ONTARIO, Oregon — The Oregon Health Authority is asking businesses that want to loosen mask mandates ask for proof of vaccination for customers and employers wanting to go without a mask.
Businesses are allowed to ask, but not all businesses will or are able to in Ontario, Oregon.
Jason Jungling is the owner of the Plaza Inn Restaurant in Ontario and is asking customers and employees to wear a mask for a little longer. But enforcing it can be a different story.
"Nobody has the time, we're really struggling with staffing," Jungling said. "Staffing has been a huge problem. I've had three people quit: one quit Sunday, one quit Monday, one quit Tuesday. To try and have someone stationed at the front door is asking too much for any business at this point. We're all going through the same thing."
Jungling said to his knowledge, no other businesses in Ontario are asking for proof of vaccination.
With Oregon asking for proof of vaccination, we asked Senior Health Care Attorney J. Kevin West, a shareholder at Parsons, Behle & Latimer, can businesses ask for vaccination status?
While Oregon official's request to show proof of vaccination has sparked tension, businesses are allowed to ask.
"This is not an invasive question at all, it's not asking someone's medical condition, it's not asking about a diagnosis or a disability," said Senior Health Care Attorney J. Kevin West, a shareholder at Parsons, Behle & Latimer. "It's a very simple question. Have you been vaccinated? That's really not an invasive question at all."
What about employers, can they do the same?
"Employers are entitled to do that to manage their workforce their entitled to ensure safety of co-workers, entitled to ensure safety of customers and clients so it's a perfectly legitimate question," West said.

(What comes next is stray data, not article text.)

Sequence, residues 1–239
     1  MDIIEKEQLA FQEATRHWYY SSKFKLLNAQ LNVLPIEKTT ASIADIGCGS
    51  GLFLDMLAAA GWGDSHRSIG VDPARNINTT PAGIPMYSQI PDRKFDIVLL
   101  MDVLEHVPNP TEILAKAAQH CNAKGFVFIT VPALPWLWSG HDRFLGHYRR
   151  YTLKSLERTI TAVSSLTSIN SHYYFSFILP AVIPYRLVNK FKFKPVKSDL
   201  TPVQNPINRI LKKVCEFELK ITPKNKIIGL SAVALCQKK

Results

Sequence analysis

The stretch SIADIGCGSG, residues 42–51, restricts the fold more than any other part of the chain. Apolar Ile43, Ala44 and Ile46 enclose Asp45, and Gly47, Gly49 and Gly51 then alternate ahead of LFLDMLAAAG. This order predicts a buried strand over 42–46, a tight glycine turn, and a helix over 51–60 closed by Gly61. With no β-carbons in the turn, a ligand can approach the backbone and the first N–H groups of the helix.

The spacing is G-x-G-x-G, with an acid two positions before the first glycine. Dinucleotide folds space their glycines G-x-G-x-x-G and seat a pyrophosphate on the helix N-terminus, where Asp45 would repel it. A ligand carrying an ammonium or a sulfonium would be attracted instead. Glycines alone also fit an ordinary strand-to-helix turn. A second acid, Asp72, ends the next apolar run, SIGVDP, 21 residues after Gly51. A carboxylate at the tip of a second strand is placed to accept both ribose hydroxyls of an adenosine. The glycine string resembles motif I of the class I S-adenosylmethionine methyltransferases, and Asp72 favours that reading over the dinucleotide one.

Asking anyone for proof of vaccination does not, however, violate HIPAA laws.
"No, HIPAA actually does not apply to this situation at all," West said. "HIPAA applies primarily to health care providers. If the employer is not a health care provider, that's one factor that HIPPA will not apply."
The Equal Opportunity Employment Commission said the only time HIPAA may be implicated is if your doctor or health care provider shared your vaccination status without your consent.
Customers don't have to answer the question, but a business could then deny service. The EOEC also said employers can even require vaccinations, and the only way there could be possible violations if it led to discrimination against legitimate exemptions against the vaccine.
In April, Gov. Brad Little signed an executive order, banning vaccine passports in Idaho or asking for proof of vaccinations. According to his executive order, that applies to state services or facilities, as well as state departments, agencies, boards or commissions. It did not cover individual private businesses.